What differentiates us can significantly strengthen our personal brands. One way to do this is to set yourself apart with outer-branding, including your personal presence.
This month, we decided to shine a spotlight on an important aspect of outer branding: gravitas. Our guest blogger this month is Antoinette Dale Henderson, award-winning speaker, author and founder of The Gravitas Programme. Here she talks about using personal presence to increase your gravitas and give your personal brand some oomph!
Developing presence is one of the most important traits for a leader and crucial if you’re looking to increase your gravitas. Neuroscientific research indicates that in a world full of stimulation and distraction, our brains notice what’s unusual and remember what’s different. Although it may sometimes feel easier to keep a low profile, actively cultivating a presence and knowing how and when to ‘dial it up’ is key to getting the attention you deserve at work.
So, what can you do to increase your presence?
In this article, I’m going to focus on three key areas which will increase your impact on others: your mindset, body language and voice.
As a starting point, let’s examine how presence comes across. As you reflect on the table below, consider in which ways you naturally ‘shine your light’ and how you may inadvertently compromise your presence when communicating with others.
Three tips for increasing your presence:
While it may seem like some people have `it’ and others don’t, we all have the ability to develop presence.
1. Your Mindset
When you meet someone, who has a strong presence, you will usually find that their state of mind is calm, focused and uncluttered. This creates an energy or aura which radiates outwards and, because emotional states are infectious, positively affects everyone around. Achieving this can be challenging as, like a computer, we often have multiple programmes running through our head at the same time and are easily distracted. The secret to achieving an uncluttered mind is the decision to bring as much energy and attention to the present moment as you can.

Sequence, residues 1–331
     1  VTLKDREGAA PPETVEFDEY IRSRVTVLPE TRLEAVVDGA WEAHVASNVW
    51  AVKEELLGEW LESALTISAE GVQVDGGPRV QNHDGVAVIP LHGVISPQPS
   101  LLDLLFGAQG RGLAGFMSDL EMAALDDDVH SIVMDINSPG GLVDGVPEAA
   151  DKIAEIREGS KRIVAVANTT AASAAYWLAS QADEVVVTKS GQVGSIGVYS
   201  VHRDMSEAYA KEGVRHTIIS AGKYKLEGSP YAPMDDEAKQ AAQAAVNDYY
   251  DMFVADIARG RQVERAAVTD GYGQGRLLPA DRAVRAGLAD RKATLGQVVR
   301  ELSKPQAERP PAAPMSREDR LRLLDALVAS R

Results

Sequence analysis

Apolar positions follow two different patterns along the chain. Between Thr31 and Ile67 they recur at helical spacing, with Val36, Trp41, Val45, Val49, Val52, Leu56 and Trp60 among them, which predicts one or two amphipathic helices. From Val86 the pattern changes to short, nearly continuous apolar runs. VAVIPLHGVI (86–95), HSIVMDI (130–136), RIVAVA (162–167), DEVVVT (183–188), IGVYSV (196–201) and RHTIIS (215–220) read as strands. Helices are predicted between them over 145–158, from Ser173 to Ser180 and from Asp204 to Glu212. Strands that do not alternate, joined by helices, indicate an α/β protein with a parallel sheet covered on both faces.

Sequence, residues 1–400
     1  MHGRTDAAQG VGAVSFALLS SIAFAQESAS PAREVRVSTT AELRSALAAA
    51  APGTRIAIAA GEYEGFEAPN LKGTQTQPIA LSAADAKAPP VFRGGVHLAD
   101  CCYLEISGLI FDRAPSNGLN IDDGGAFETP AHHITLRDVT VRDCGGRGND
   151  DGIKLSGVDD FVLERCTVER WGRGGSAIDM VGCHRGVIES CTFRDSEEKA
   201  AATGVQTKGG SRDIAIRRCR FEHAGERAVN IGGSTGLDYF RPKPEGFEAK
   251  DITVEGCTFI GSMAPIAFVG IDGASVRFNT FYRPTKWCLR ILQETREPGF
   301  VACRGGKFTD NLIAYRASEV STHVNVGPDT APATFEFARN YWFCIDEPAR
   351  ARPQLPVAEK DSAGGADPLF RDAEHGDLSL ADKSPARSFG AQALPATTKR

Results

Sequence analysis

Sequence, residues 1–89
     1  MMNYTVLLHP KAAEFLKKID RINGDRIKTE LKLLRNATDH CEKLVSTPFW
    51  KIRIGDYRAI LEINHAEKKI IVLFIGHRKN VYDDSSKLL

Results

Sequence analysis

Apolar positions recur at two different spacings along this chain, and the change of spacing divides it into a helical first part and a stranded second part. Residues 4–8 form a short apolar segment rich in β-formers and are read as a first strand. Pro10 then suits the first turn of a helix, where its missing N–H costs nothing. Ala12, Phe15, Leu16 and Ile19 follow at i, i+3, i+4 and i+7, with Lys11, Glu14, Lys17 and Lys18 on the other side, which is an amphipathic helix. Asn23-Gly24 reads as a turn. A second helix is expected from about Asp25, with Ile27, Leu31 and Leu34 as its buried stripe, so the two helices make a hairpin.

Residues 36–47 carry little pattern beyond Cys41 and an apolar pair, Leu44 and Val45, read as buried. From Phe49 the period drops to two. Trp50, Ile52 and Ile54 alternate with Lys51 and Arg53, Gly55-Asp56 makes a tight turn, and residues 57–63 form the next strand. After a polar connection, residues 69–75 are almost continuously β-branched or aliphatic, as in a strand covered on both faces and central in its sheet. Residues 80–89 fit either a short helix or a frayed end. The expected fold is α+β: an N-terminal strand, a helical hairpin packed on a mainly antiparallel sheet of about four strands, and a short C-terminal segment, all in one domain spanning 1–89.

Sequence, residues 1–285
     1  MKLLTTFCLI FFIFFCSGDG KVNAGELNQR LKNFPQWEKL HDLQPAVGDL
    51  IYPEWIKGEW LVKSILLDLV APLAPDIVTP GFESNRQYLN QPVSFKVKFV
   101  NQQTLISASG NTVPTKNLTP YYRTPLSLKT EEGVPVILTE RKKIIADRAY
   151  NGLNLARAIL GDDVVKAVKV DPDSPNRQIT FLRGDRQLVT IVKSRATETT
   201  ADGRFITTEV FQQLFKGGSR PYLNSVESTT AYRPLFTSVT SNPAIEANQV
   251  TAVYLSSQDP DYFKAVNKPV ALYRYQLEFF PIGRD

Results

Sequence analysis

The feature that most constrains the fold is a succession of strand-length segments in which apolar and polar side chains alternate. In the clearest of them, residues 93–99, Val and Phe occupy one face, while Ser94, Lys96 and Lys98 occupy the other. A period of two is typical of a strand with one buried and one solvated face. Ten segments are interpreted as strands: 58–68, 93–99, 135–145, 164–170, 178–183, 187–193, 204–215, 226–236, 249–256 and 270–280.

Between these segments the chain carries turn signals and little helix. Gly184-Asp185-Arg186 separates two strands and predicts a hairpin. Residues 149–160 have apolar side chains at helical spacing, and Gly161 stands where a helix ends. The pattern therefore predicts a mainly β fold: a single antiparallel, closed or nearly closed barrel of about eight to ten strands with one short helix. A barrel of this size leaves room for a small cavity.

Once you have achieved a state of presence, you can decide to increase or decrease your impact depending on the situation. Reflect on whether you’d like your presence to be a subtle glow or a beacon of light, based on the attention you’d like to receive and what is appropriate. Consider what your purpose is, what you want people to remember about you after you’ve left the room, your key message and how will you communicate it with conviction.
2. Your Body Language
We live in a snap judgement world. Your physical image is the first thing that an individual sees before they decide on what they think of you. If you already have presence, you will be comfortable in your surroundings. You will be energised and at ease with whatever situation you are handed. Your overall image will be someone’s who’s comfortable in their own skin and happy to take and receive attention from people in the room.
The way you position your body is directly linked to your ability to radiate a strong and confident presence. When you’re standing, plant your feet on the ground, stand tall with your weight evenly distributed rather than slouching or folding yourself in. Feel the solidity of the ground beneath you, the gravity of the earth drawing you down. Breathe deeply and evenly into your diaphragm. If you’re walking into a room, walk with purpose and intent. Before you cross the threshold, put your shoulders down and back, open your chest, look up at the ceiling, smile and stride into the room, imagining the air parting before you as you enter.
3. Your Tone of Voice
Your voice is the instrument you use to communicate your message. So often, people mumble, waffle, speak too slowly or gabble too quickly, thereby minimising their presence and impact.
Take the time to plan in advance, not only what you are going to say but how you’re going to say it. The energy you convey through your voice will become a deciding factor in whether people want to listen to you or not. Choose the amount of energy and volume depending on the context: ‘bright and breezy’ won’t work when conveying bad news.
Presence can also be enhanced through your breathing patterns, with free, deep and steady breathing that will start to exude calmness, confidence and ease.
Your presence will truly start to develop once you pay attention to how you think and what you sound and look like. In doing so, you will develop the confidence and gravitas to fulfil your role as a leader and attract the attention you and your message deserve.
Antoinette Dale Henderson’s book Leading with Gravitas is a good way to find the direction you need and become the best leader you can possibly be.
If you are more interested in a hands-on approach, join her for a Gravitas Masterclass to build up your leadership potential.